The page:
The Status of Banana Xanthomonas Wilt (Xanthomonas campestris pv musacearum) in western Kenya
MetadataShow full item record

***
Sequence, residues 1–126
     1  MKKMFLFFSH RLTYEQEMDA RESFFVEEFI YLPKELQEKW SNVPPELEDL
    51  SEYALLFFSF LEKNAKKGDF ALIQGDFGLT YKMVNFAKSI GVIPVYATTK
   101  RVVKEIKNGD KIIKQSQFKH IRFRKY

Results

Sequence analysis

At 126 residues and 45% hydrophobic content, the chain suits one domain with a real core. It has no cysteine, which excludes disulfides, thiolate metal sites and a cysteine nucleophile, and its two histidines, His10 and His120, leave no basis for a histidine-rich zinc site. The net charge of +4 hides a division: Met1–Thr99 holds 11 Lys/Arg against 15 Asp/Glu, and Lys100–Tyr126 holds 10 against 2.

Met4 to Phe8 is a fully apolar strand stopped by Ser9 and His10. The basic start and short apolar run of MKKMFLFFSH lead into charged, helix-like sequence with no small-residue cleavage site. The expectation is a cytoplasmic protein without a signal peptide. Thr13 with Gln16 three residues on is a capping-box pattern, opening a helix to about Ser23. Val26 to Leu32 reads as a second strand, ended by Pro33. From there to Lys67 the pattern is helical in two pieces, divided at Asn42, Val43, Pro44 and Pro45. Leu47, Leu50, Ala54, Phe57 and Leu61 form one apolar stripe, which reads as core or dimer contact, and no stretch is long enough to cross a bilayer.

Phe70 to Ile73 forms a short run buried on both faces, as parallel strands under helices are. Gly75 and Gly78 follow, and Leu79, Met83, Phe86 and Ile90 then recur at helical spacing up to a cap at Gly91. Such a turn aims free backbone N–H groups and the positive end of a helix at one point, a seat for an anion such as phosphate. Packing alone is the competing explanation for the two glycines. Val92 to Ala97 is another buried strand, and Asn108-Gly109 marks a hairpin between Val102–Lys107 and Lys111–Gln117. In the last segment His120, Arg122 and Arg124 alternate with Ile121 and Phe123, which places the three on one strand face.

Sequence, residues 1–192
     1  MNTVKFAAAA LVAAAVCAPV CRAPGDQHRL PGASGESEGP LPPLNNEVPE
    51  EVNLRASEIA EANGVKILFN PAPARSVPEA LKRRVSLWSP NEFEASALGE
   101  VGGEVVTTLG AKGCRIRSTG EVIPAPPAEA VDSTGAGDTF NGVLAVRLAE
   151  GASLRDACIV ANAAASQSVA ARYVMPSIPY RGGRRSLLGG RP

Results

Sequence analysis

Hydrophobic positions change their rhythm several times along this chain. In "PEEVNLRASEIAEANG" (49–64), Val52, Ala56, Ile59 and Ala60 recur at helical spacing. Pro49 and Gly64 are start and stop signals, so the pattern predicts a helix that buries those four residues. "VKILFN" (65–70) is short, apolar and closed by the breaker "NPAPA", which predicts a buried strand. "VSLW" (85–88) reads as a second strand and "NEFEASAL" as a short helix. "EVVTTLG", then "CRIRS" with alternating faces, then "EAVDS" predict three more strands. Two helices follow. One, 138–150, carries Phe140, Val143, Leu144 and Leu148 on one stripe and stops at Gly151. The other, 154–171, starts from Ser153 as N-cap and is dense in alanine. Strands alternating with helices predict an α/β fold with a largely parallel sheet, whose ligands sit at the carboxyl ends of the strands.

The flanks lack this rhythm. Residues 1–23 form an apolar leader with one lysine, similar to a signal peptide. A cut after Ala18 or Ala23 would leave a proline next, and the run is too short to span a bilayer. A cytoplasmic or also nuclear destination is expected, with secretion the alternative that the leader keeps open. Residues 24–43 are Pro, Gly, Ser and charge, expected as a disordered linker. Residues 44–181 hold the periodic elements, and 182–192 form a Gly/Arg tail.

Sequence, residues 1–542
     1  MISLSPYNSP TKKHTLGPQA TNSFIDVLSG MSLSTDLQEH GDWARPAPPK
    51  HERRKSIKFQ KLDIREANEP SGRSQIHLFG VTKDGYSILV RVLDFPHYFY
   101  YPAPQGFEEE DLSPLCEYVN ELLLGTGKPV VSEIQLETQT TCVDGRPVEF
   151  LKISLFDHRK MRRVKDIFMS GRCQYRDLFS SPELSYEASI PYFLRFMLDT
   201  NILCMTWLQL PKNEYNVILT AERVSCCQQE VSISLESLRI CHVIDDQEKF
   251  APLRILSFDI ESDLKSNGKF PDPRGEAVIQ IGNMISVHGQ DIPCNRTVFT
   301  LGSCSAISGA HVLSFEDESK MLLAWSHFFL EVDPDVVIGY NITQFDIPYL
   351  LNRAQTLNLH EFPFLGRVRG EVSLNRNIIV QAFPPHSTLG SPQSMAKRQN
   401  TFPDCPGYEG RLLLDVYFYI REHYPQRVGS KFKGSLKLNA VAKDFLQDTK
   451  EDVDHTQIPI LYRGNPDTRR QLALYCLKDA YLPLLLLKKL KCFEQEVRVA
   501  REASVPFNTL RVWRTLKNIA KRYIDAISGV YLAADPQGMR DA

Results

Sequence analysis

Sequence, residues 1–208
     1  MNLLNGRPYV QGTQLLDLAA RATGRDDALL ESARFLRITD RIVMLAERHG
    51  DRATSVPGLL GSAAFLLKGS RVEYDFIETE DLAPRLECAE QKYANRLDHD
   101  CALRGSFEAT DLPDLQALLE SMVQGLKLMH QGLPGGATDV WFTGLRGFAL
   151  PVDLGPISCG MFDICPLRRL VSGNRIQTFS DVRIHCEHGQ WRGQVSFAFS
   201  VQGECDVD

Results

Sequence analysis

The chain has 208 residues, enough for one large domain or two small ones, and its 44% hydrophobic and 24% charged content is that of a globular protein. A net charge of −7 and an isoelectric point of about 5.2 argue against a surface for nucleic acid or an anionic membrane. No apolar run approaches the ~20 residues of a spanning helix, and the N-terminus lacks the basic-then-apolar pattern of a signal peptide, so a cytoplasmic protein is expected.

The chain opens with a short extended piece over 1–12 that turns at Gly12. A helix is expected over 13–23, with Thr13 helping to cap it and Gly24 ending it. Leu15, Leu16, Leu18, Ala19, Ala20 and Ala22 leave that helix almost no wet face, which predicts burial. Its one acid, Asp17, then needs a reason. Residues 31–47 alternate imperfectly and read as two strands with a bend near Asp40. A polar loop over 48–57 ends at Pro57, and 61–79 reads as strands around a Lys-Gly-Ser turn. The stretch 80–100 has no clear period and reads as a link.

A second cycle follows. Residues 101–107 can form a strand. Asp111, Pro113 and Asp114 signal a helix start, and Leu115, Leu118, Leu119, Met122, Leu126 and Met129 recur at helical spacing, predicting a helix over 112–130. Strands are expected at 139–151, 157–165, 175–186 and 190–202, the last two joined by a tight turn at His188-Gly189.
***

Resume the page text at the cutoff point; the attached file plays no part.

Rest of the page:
Banana Xanthomonas Wilt (BXW), caused by the bacterium Xanthomonas campesris pv musacearum was reported in a single farm in Mukono district of Uganda in 2001. By early 2006 it was confirmed in 33 districts of Uganda, parts of Democratic Republic of Congo, Rwanda and Tanzania. Disease spread between plants is mainly by insect pollinators and contaminated farm tools. The main mode of long distance spread is banana trade (fruits, leaves and planting material). Insect transmitted infections lead to wilting and rotting of the banana male bud, pre-mature ripening and rotting of fingers that become unpalatable. Infections from contaminated tools and infected suckers start as wilting of leaves that eventually dry. Infected plants die within two weeks. Yield losses can be up to 100%. Due to its rapid spread, BXW poses a great threat to banana production in the East and Central Africa region. Understanding of the disease status and establishment of farmer practices that may pre-dispose bananas to BXW are crucial to preparedness for effective disease management. The objectives of this study therefore were to establish, the status of BXW and the existing banana production practices in banana orchards in Western Kenya. A survey was conducted in September, 2006 in 14 districts located in Western and Nyanza Provinces. A questionnaire was administered by face to face interview with the farmers to capture data on banana production practices. Wilted bananas were observed in Teso, Bungoma and Busia districts in western Kenya. Symptoms were similar to those previously reported in Uganda. Pathogenicity tests confirmed the causal organism as Xanthomonas campestris pv mucasearum. The outbreak in western Kenya is significant because this region produces over 60% of bananas in Kenya, and therefore could have serious consequences on food and income 2 Mbaka et al Status of banana Xanthomonas wilt in Kenya- 3 security of small-scale banana farmers. Technologies developed and validated in Uganda can be used to stop disease spread.